Anti-nuclear prejudice in the BBC, and its negative effect on civil defence against nuclear attack, as assisted by undemocratic official secrecy
As explained in previous posts, U.K. Scientific Advisory Branch research on nuclear tests beginning with Hiroshima and Nagasaki and continuing at Operation Hurricane (primarily a civil defence research test) and Operation Buffalo (again, primarily concerned with nuclear weapons effects on military field defences, which are identical to cheap improvised civil defence countermeasures and thus are Top Secret from the military buffoon standpoint), was completely ignored by the BBC's Peter Watkins 1965 spoof The War Game. While George R. Stanbury had disproved firestorms in modern cities by skyline shielding, Watkins again repeated the fantasy in his fantasy horror film. Yet Watkins's film credits cites sources which state the opposite to the claims made by his film (he even cites using evidence coming Nevada nuclear tests in 1954, a year when there were conveniently for him no tests in Nevada).
The decision not to show the film, by ignorant half-wits at the BBC, was then masqueraded as a government cover up. Not so. Watkins ignored the facts on civil defence that had been published both in the 1956-1959 UK Manual of Civil Defence volume 1, pamphlet 1, Nuclear Weapons, and the 1957-1964 American book The Effects of Nuclear Weapons. Since he claimed in his film credits to have consulted such documents, but ignores all the facts, it is not fair to call the result an accidental mistake, rather more fair to state it as a deliberate misrepresentation, or lie. That may sound rude, but in fact it is not. What is rude, however, is to tell lies and then call people false names when you are exposed for lying. That's rude. It's also dangerous if you're in a position of influence, since misleading people is contrary to democratic freedom. Of course, those dear little minded ignorant liars are not interested in democracy, freedom, or deterrence. They are merely interested in self-promotion. The Strath report of 1955 is still claimed by lying "historians" to disprove cheap civil defence against the H-bomb, when in fact it recommends it, i.e. the very opposite:
The lying problem relevant to civil defence was the incredibly vast USSR Cold War civil defense program. The USSR trained all of its citizens in civil defense. It was compulsory. And it was the USSR which tested the biggest nuclear weapons, such as the 50 megaton air burst in 1961. They had their own information on the effects of nuclear weapons and the efficiency of civil defense from their own nuclear tests. Yet our data was secret, and the watered down versions in the official civil defence pamphlets, books and BBC films were misleadingly vague and poorly referenced. What the public needs to reduce nuclear terrorism risks is a handbook more like the Capabilities of Nuclear Weapons, to overthrow the culture of enforced ignorance.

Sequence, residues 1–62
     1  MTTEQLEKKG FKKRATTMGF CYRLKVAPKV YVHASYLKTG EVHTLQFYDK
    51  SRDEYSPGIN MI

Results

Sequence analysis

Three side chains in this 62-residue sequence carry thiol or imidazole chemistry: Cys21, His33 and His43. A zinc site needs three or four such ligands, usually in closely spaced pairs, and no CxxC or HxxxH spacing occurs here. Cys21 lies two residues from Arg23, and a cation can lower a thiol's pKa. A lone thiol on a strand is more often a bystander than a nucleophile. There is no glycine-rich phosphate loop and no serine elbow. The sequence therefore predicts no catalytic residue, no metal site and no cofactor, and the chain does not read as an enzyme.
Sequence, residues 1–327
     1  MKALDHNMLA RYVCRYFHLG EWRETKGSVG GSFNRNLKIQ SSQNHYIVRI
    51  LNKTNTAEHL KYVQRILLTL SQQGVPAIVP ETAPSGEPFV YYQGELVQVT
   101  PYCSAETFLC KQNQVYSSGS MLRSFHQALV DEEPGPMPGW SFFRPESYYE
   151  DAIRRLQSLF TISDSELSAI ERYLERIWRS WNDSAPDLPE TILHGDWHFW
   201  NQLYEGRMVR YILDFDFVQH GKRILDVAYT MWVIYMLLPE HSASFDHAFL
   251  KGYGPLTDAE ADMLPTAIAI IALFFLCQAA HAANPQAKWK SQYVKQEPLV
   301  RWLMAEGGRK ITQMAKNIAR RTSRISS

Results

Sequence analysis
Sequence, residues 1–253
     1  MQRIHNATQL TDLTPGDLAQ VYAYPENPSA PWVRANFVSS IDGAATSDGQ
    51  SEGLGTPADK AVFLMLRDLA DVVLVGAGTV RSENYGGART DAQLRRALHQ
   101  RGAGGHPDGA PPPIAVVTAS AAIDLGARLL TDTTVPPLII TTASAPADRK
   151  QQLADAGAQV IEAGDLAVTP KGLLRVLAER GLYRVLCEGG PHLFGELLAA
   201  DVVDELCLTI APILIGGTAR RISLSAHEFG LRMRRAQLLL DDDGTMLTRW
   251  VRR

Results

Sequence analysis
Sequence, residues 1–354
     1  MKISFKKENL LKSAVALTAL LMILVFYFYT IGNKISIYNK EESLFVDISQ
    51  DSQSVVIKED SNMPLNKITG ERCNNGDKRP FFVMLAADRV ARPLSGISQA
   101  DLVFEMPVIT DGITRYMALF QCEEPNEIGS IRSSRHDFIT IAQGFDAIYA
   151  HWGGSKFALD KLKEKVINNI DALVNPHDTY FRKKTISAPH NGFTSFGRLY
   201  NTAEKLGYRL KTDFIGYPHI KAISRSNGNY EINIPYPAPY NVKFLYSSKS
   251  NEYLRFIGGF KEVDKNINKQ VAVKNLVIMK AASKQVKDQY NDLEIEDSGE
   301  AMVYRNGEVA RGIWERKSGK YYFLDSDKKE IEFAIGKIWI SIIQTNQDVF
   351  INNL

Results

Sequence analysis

The BBC has too much power and influence to commission anti-civil defense propaganda, a tragedy which began in 1927 when it broadcast a lying talk from Philip Noel-Baker in which he claimed that gas masks and building protection from contamination had been disproved by a consensus of experts, just like critics of AGW who are dismissed for not being part of mainstream orthodoxy regardless of the scientific objectivity of their critical evidence. Baker's influential but entirely false claim stood, since the government was prevented from debunking by its own secrecy regulations, thus setting the scene for the appeasement of Hitler and WWII. Today, the BBC's political expert Norman Smith is able to simply use a four-letter word live on TV to refer to UKIP. That's not deemed rude, just an accidental slip. Unless dictatorships in Western science, politics, journalism and pseudo-news broadcasting can be overthrown, ignorance will grow as truth-hating activists gain power.